Millions of Americans schedule an annual physical health examination. During their visit, many can expect to get their blood drawn for a standard lipid panel, which ultimately provides the patient with a readout of total cholesterol (TC), high-density lipoprotein cholesterol (HDL-C), low-density lipoprotein cholesterol (LDL-C), and triglycerides (TGs). What virtually nobody among them will get is an apolipoprotein B (apoB) test. Yet this is considered the ideal, if not essential, measurement to assess lipoprotein-related atherosclerotic cardiovascular disease (ASCVD) risk, according to recent guidelines and an illuminating review by Dr. Allan Sniderman and his colleagues. In order to appreciate why this matters—and before digging into Sniderman et al.’s review—you need to understand some of the basics of lipids and lipoproteins first, so we’ll break this email into two parts, with this email (Part 1) serving as a primer.If it seems like what follows is “too much,” consider that we are talking about the most prevalent disease in the developed world, and consider, at least for a moment, how much misinformation exists around the ideas of cholesterol.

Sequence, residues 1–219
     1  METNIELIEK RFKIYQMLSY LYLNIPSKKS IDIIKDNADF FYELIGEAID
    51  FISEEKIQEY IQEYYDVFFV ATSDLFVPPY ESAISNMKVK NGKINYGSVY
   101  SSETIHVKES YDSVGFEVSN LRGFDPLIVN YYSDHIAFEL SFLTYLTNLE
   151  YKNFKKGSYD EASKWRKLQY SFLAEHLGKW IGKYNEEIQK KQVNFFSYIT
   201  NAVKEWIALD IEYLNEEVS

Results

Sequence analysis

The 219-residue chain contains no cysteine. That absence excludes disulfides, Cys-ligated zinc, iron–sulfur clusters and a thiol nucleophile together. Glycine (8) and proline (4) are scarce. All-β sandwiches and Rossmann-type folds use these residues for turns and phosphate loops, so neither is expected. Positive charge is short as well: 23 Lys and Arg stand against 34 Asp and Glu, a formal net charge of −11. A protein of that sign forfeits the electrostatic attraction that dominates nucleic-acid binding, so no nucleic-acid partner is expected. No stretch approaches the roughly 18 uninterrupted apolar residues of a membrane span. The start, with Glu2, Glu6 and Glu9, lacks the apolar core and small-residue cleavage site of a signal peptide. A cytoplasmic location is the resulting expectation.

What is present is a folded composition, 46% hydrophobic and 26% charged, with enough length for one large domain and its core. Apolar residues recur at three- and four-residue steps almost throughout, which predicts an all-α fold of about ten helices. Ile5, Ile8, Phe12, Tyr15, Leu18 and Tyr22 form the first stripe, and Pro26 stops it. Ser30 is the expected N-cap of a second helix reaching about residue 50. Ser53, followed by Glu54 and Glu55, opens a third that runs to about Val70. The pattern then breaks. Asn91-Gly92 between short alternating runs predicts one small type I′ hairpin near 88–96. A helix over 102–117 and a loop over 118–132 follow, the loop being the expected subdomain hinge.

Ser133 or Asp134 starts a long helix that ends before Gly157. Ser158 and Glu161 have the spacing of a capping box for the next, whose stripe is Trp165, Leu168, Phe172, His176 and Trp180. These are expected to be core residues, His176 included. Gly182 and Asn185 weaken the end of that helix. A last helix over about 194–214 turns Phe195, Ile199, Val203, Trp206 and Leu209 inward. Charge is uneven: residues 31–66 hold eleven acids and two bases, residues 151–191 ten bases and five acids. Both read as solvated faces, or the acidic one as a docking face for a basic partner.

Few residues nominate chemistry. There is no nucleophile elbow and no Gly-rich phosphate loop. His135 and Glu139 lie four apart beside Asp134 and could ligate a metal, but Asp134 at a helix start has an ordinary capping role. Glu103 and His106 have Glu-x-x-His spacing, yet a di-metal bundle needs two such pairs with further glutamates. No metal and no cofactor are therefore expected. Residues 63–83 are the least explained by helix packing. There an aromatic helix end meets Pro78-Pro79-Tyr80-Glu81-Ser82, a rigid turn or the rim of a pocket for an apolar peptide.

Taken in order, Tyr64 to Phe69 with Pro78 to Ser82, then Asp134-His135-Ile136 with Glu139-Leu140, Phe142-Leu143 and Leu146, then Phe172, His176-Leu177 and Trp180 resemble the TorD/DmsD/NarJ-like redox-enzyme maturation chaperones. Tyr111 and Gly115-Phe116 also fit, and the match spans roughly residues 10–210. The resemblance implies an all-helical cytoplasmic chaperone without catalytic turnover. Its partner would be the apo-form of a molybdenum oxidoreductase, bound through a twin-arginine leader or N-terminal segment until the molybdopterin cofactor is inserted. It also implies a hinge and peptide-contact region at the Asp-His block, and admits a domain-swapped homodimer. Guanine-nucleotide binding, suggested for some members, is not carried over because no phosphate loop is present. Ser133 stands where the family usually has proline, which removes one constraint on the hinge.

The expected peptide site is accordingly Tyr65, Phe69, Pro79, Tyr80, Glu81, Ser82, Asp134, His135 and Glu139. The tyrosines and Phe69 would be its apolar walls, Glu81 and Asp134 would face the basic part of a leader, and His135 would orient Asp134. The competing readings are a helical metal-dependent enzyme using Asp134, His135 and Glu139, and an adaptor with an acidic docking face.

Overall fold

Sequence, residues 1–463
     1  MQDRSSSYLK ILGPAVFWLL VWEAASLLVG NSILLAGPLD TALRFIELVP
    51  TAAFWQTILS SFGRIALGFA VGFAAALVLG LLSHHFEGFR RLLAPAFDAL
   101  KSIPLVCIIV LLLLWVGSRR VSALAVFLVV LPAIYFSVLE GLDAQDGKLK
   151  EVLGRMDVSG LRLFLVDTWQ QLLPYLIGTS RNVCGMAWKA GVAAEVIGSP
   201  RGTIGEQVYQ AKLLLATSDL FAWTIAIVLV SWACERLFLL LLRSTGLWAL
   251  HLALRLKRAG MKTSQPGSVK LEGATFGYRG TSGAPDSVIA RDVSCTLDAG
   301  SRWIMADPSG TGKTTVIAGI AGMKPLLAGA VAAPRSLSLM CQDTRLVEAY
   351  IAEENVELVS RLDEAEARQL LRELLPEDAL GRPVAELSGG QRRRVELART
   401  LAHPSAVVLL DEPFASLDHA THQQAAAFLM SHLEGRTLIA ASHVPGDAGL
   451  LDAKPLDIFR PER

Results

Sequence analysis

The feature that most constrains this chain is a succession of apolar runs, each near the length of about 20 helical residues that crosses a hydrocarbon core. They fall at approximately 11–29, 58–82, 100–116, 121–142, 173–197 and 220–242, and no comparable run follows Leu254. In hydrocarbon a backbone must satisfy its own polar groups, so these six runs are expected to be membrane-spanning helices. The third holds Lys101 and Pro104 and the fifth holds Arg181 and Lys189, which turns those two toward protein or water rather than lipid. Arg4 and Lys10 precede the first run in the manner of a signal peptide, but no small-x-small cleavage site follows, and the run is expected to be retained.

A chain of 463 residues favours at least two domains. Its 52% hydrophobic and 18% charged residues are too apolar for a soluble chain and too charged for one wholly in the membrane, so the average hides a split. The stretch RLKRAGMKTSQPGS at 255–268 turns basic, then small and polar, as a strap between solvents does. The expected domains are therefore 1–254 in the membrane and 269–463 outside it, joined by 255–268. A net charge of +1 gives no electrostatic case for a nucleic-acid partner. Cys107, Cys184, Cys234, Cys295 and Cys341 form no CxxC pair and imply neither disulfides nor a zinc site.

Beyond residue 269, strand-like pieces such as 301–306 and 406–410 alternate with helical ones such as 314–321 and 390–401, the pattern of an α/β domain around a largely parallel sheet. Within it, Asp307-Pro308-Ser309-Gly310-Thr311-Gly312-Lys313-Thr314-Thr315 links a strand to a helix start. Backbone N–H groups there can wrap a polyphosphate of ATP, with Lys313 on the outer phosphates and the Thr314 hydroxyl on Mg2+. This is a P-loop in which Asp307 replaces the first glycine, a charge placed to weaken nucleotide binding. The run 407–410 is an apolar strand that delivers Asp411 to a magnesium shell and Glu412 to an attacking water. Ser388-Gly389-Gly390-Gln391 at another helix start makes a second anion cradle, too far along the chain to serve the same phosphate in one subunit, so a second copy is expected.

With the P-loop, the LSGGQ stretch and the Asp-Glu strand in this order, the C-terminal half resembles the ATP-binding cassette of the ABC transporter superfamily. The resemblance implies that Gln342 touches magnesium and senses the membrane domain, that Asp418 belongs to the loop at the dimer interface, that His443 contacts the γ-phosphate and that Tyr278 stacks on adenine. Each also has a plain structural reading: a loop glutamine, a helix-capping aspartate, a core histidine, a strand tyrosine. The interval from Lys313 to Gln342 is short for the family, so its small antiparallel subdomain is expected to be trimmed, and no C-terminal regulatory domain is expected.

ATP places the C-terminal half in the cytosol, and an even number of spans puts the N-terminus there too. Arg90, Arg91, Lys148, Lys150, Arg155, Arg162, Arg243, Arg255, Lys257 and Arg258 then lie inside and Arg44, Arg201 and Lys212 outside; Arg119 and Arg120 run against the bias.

“We must admit that our opponents in this argument have a marked advantage over us. They need only a few words to set forth a half-truth; whereas, in order to show that it is a half-truth, we have to resort to long and arid dissertations.”
― Frédéric Bastiat, Economic Sophisms, 1848